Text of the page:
News & Scoops

2011 April 26

Assistant Files, Vol. 8: Tiffany Rose Clary, Details' Dan Peres

Comments | | Print

Tiffany Clary Tiffany Clary
Giorgio Niro
View Gallery

(NEW YORK) This week, The Assistant Files hones in on life at Details through the fantastic and sassy perspective Tiffany Rose Clary, 29, assistant to editor-in-chief Dan Peres. Turns out that lads in the magazine realm just might more fun than their ladies' glossy counterparts. So what exactly does publishing paradise look like at this Condé title? Zero cattiness, Reese's around every cubicle corner, midday exercise demos, and much more... 

How did you land the gig?
I came to Details as a temp; I was filling in while they were interviewing assistants for Dan. I’ve been his full-time assistant for nine months now. I’d floated around this building—I’ve been temping at Condé Nast since 2007, at Vogue, Lucky and W. I’m an actor-writer in my “life” life, and I've been doing the temp thing for these magazines let me use the fashion degree I got at Florida State.

What’s it like to temp at a place like Condé Nast?
Temping is the best way to prepare yourself to be someone’s assistant. Your skin is super thick, you have to throw yourself in situations without any training – and swim, so to speak. These people are depending on you to keep them on track, filling the shoes of someone who’s been there forever before the next person who’s going to be there forever. I knew the whole Condé culture already—it’s nothing exciting, it’s just knowing things like Urban Express is used for sending messenger items. Oh, and there’s an assistant fight club you get invited to on Fridays…I’m just kidding.  If a call comes down from a certain person, you know to put that person through, like Bill Wackermann. But Bill’s never a diva about it; he never tells me to go find him immediately or anything like that. Tom Wallace, of course. And if the almighty Si [Newhouse] or his assistant were to call, yeah, that would get put through.

How did you transition from temp to full-time assistant?

When I first came to temp for Dan, we just had a conversation about what he was looking for. As he continued to search for a permanent assistant, I was fitting in at Details and he wasn’t finding anyone. It was interesting to be there as they looked for the fulltime assistant, and I was kind of jealous at some point! I found myself thinking, I’m definitely smarter than her. But I wasn’t looking to stay; I was going to go West and pursue other things. Dan said something like, “Stay, marry your boyfriend and get some benefits!” Once I figured out that he was serious, I took the weekend, did some thinking and decided I was into it. That’s sort of how Dan is: he’s very casual, and you know if he likes to have you around and he likes your energy.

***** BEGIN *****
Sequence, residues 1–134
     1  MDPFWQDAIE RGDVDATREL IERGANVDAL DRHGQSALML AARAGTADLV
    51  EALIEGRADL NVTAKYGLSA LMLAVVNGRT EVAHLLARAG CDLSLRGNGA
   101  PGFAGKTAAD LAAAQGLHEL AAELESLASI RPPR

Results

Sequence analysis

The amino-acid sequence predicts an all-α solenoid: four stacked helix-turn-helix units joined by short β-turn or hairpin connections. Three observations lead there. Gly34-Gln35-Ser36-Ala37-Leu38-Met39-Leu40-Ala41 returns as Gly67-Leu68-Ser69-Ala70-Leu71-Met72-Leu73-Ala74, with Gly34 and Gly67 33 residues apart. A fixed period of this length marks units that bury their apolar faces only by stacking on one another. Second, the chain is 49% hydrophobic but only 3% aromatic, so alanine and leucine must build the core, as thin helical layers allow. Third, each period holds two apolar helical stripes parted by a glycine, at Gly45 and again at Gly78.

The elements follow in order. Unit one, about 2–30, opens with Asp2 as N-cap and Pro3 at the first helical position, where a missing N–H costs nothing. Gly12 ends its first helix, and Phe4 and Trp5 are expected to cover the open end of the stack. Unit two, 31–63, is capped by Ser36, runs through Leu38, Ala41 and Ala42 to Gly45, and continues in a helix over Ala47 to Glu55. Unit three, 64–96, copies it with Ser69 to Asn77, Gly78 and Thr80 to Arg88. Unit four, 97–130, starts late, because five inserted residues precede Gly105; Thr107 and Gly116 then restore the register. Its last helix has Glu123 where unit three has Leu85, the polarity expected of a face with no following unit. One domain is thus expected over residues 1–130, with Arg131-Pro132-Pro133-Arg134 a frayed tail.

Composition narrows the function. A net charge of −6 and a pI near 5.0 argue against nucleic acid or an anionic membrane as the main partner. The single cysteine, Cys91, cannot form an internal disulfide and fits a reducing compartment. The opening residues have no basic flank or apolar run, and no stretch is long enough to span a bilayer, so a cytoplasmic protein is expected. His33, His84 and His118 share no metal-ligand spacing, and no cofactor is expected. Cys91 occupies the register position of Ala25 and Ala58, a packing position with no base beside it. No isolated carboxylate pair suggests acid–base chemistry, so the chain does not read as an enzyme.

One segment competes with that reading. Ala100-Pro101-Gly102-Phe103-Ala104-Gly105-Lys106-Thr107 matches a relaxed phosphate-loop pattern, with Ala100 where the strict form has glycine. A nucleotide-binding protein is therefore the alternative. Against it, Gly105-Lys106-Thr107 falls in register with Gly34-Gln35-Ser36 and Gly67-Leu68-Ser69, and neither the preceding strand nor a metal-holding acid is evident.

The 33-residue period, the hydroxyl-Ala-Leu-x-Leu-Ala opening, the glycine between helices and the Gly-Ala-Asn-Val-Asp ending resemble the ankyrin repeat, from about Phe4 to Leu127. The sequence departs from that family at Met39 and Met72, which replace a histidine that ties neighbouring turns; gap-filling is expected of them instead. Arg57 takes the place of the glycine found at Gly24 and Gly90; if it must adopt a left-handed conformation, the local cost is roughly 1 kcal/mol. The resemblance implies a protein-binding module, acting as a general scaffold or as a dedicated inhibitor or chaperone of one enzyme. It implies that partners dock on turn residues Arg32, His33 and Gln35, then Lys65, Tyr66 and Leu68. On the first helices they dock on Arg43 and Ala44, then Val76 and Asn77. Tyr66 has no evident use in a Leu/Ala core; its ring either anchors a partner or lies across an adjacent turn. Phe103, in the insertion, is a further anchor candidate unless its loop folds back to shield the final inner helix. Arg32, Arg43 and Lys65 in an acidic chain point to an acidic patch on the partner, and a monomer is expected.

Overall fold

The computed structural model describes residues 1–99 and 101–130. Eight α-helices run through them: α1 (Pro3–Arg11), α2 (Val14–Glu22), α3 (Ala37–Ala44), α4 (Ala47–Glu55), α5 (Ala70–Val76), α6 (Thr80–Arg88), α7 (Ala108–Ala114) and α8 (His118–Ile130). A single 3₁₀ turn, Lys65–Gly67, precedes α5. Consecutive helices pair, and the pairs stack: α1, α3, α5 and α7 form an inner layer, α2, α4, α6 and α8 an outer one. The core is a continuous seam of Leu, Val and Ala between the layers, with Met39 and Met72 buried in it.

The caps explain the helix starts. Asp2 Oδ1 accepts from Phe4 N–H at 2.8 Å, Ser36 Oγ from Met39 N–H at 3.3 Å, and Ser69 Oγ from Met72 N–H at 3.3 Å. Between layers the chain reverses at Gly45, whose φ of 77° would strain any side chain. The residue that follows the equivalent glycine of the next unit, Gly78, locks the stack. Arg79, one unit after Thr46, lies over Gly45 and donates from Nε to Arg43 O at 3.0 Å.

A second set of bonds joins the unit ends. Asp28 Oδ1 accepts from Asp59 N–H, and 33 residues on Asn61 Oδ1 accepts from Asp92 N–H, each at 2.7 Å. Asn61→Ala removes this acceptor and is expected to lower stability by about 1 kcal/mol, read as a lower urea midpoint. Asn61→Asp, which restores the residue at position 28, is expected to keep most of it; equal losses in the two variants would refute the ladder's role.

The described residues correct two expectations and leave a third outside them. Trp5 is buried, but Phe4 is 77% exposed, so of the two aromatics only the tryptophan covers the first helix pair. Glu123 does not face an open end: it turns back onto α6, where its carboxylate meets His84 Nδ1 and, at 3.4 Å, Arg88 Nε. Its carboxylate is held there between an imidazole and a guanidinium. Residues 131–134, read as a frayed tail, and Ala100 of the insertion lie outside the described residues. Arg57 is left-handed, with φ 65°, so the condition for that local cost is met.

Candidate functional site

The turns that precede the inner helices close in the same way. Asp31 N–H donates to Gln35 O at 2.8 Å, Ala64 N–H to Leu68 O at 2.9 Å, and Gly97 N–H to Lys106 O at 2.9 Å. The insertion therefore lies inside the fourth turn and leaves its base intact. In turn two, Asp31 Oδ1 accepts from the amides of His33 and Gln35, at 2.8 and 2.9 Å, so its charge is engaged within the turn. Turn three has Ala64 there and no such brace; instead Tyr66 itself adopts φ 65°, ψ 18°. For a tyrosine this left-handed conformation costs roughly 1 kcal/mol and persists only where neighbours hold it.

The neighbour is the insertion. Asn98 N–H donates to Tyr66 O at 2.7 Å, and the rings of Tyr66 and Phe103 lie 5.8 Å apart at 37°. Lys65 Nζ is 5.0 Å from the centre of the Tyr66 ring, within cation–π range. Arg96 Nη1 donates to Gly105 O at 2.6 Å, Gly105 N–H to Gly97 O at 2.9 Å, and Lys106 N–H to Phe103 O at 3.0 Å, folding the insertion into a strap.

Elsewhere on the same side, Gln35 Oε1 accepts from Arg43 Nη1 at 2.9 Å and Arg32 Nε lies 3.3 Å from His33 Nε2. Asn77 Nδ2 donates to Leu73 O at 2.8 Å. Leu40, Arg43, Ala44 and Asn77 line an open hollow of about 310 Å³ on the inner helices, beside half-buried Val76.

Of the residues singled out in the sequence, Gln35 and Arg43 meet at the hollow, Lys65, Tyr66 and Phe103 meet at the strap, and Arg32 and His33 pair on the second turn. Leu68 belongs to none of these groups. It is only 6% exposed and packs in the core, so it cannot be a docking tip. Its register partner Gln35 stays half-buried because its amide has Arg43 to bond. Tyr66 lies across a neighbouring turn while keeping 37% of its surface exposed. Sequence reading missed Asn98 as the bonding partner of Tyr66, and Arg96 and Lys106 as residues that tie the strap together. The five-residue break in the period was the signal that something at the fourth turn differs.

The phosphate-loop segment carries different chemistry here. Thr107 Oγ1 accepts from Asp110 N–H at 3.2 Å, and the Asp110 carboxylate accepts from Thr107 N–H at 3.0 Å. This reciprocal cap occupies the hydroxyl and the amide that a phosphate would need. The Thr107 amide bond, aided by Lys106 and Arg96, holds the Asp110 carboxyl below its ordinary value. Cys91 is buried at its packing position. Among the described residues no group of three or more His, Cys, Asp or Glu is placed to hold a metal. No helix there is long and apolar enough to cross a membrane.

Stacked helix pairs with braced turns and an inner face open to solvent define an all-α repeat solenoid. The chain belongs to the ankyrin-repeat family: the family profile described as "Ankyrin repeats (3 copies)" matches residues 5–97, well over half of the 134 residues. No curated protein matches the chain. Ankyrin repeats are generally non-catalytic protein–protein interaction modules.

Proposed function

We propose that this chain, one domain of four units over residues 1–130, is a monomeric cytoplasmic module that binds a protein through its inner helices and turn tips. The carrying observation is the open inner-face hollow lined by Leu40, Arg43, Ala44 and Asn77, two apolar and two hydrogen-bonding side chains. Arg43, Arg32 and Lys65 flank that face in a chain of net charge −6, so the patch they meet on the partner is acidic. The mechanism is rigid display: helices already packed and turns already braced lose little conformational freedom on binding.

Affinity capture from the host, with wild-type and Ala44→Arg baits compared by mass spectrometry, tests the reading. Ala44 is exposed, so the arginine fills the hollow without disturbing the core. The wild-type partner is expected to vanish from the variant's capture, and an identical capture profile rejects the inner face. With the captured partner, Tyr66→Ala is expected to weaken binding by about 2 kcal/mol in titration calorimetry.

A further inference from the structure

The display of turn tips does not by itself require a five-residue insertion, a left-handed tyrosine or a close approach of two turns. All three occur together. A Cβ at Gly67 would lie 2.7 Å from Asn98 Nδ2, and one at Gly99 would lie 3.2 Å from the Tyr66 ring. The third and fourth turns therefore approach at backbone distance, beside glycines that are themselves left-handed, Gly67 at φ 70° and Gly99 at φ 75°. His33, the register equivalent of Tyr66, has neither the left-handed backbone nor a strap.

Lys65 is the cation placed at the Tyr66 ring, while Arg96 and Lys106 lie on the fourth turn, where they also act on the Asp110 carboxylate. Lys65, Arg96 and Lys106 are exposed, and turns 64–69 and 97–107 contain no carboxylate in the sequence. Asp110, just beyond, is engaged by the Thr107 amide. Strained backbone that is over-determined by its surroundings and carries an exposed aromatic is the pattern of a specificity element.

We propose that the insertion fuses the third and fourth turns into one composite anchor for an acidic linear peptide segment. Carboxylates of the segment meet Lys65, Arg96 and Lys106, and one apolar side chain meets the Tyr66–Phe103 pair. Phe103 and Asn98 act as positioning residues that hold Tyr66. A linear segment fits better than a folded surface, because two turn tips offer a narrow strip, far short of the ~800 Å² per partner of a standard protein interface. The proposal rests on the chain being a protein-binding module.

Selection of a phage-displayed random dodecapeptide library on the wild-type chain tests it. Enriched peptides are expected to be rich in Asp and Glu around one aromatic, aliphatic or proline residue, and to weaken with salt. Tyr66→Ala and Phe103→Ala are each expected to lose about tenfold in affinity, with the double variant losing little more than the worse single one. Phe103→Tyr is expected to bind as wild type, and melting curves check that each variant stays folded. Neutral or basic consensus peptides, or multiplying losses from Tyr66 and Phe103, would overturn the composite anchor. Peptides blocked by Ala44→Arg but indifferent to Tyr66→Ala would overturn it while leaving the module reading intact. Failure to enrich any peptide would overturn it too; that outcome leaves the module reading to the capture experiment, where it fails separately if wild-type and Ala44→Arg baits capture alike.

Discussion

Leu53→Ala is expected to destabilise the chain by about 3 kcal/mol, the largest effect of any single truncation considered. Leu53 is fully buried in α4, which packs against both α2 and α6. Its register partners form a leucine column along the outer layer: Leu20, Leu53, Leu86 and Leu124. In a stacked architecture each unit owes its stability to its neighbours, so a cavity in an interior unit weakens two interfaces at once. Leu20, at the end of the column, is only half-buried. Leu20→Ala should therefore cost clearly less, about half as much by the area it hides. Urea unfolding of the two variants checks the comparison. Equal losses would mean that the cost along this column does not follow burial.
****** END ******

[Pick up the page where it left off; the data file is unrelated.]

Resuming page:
Do you know anything about Dan’s previous assistant?
It was a chick as well, and she washed his fruit. He eats apples, bananas and almonds. She would wash his apples, but since Dan didn’t know she was doing it, I figured I wouldn’t continue. I do refill his water, though. 

What’s the deal with Dan?
Dan wears jeans and sweaters and Chucks, so that’s already aces in my book. He loves his family, and my number one item on my to-do list every day is to help him balance his work and personal lives. You’ll know if he likes something, and if he hates it, you’ll know it as well.

Daily grind?
Dan gets in before 8 a.m., which is crazy early. He’s eating breakfast while I’m still in REM sleep. I usually get in around 8:30 a.m., I print out WWD for Dan each morning, and he reads the Times as well. I organize his calendar, arrange appointments, and act as the liaison between Dan and everyone in the office, basically. I leave around 6 on most days, and Dan is very pro-"life balance" since that's something that's so important to him. When we're closing an issue, the days are longer, but nothing crazy. I think the latest I've been here is 9 p.m..

Do you have—or want—any editorial work on your plate, besides the assisting duties?
No, and I’m not sure I’d want to. I wouldn’t want to mess with what the staff does here, and they’re so good at what they do. I write dialogue and sketches, that’s my thing.

Any tricks or tools for keeping Dan’s life orderly?